The BC government is conducting a secretive so-called “public” consultation on early learning—but parents are not invited.
The issue is full day schooling for ages 3-5.
Online consultation at: www.bced.gov.bc.ca/ecla/ (broken link) There is a July 18 deadline.
Such a major policy initiative requires full, open debate and full disclosure, not a hard-to-find online consultation involving carefully selected “stakeholders.” A search reveals no press release. Kids First was not told of it, even though we wrote Minister Bond asking to be involved.
If they think the public wants this, why not do a poll and ask parents, “Do you want billions more in tax funds going to put little children in ‘underutilized’ schools, or do you want these resources to go to parents to help you provide for your young children’s care and learning?”
Kids First Parent Association found out about this online consultation by accident, even though we wrote the Minister of Education in February asking how we could be involved. The Ministry did not address our request in their response.
The “consultation paper” is supposed to discuss the “feasibility” of this scheme, but does not even address the costs. These could be over $2 billion given that there are about 120,000 children 3-5, and it costs far more—even triple—the approx $7,000 we spend per child in Gr 1-12.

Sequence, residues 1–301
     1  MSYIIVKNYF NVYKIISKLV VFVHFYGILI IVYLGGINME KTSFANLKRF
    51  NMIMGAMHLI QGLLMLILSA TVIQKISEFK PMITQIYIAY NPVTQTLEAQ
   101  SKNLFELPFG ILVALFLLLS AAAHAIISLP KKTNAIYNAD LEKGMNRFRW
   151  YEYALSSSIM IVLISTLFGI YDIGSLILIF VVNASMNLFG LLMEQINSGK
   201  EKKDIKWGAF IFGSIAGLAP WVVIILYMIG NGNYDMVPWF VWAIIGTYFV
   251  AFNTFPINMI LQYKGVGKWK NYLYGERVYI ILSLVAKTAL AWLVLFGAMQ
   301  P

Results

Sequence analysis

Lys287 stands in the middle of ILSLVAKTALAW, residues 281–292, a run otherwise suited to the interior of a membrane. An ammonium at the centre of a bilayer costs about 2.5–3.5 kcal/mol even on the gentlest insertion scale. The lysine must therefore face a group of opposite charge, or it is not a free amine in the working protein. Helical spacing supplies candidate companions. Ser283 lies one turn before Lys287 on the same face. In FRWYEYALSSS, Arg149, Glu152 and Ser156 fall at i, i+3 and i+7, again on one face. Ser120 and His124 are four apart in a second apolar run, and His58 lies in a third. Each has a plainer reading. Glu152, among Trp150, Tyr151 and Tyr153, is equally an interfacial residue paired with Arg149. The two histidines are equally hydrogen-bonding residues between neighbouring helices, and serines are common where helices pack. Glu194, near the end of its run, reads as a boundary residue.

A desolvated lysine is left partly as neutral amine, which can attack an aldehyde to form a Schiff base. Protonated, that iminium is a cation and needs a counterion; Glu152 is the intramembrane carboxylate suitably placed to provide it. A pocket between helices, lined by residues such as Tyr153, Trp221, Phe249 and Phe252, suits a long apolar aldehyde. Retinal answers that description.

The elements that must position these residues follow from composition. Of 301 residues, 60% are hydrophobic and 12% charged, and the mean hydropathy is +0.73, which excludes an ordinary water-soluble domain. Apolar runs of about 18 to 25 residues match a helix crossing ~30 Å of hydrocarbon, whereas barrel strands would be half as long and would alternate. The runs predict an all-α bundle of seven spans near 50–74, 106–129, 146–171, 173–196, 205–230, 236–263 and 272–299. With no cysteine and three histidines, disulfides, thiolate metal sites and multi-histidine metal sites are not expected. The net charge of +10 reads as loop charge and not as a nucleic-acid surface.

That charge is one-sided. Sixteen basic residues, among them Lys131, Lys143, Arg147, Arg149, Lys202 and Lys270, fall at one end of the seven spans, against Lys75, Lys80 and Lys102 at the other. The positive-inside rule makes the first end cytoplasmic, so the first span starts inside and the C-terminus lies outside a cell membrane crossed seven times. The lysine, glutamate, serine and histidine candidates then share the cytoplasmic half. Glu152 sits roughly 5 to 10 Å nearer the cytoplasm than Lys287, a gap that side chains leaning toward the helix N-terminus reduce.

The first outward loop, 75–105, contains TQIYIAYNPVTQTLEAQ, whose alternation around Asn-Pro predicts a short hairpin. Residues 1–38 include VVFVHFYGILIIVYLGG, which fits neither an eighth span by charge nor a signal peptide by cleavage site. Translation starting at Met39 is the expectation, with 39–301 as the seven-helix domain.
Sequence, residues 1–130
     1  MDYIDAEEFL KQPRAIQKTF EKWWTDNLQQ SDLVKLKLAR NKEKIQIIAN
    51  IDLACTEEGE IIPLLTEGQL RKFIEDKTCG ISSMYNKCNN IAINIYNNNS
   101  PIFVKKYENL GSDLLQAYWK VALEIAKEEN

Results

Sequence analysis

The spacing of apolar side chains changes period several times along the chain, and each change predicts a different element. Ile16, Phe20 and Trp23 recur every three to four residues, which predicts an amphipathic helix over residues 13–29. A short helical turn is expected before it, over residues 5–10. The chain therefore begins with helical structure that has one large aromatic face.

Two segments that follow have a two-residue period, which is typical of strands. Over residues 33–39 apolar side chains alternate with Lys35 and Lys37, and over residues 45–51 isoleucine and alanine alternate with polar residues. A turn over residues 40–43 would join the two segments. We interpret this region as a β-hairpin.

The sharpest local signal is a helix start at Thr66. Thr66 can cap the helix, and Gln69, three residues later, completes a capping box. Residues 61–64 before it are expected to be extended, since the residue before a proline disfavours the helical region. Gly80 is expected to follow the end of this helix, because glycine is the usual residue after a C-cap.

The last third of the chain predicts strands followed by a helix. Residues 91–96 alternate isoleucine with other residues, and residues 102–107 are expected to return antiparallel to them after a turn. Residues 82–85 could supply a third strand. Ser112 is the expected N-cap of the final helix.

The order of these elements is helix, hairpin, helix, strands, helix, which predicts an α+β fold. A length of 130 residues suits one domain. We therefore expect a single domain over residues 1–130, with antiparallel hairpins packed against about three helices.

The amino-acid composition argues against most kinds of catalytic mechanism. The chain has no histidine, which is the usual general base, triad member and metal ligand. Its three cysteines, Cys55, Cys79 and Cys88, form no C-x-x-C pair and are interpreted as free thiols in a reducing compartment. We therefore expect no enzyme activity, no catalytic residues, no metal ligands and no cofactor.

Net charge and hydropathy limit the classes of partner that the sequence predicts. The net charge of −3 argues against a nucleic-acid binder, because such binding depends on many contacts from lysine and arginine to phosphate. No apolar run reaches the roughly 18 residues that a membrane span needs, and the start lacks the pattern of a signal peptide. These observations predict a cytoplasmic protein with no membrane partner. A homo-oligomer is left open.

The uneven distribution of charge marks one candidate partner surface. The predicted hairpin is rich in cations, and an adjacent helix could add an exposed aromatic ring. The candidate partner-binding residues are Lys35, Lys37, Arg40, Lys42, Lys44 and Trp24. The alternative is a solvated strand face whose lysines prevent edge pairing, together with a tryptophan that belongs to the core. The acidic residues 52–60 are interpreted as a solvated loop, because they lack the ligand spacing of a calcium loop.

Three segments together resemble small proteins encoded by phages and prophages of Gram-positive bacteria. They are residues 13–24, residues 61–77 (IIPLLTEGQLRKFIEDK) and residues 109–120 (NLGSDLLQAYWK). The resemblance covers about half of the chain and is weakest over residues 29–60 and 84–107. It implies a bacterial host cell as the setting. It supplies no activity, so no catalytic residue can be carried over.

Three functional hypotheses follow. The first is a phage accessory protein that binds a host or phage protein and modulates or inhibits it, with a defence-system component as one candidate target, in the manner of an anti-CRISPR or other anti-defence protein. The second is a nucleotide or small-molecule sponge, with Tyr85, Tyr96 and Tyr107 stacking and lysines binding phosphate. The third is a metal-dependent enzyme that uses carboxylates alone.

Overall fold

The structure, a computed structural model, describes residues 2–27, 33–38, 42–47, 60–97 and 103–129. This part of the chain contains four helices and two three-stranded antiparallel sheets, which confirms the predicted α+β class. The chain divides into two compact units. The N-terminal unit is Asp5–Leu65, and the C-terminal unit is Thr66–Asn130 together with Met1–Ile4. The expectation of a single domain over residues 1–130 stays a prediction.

For example: Sweden spends over $20,000 per a full time preschool space, yet even with this amount the government finds inadequate quality of care and learning there.
Kids First is concerned that such an initiative would be harmful to children and bleed resources from existing care and learning provided by parents and others free or for fee. Care and learning are great, but the evidence does not show that school all day for little kids benefits them. Institutional care settings have been consistently shown to cause elevated stress (cortisol), adverse health, and adverse behavioural outcomes. Schools have no monopoly on learning.
“Why is the Minister of Education afraid to tell parents about this so-called consultation? Why not a poll? They must be aware that a meaningful poll would show that parents don’t want their tax dollars drained into a system that will suit few of us and cost billions. Support early learning and care by funding parents so we can provide or pay for services we freely choose without discrimination. The hard evidence does not support this, and in fact it is quite clear that little children suffer increased emotional, behavioural and health problems the more time they spend in institutional settings,” says Kids First President, Helen Ward of Burnaby BC.
Ward is a mother of a child targeted by this proposal.
The Ministry of Education contact is Susan Kennedy, Executive Director of the Early Childhood Learning Agency in the Ministry of Education 250-356-8322.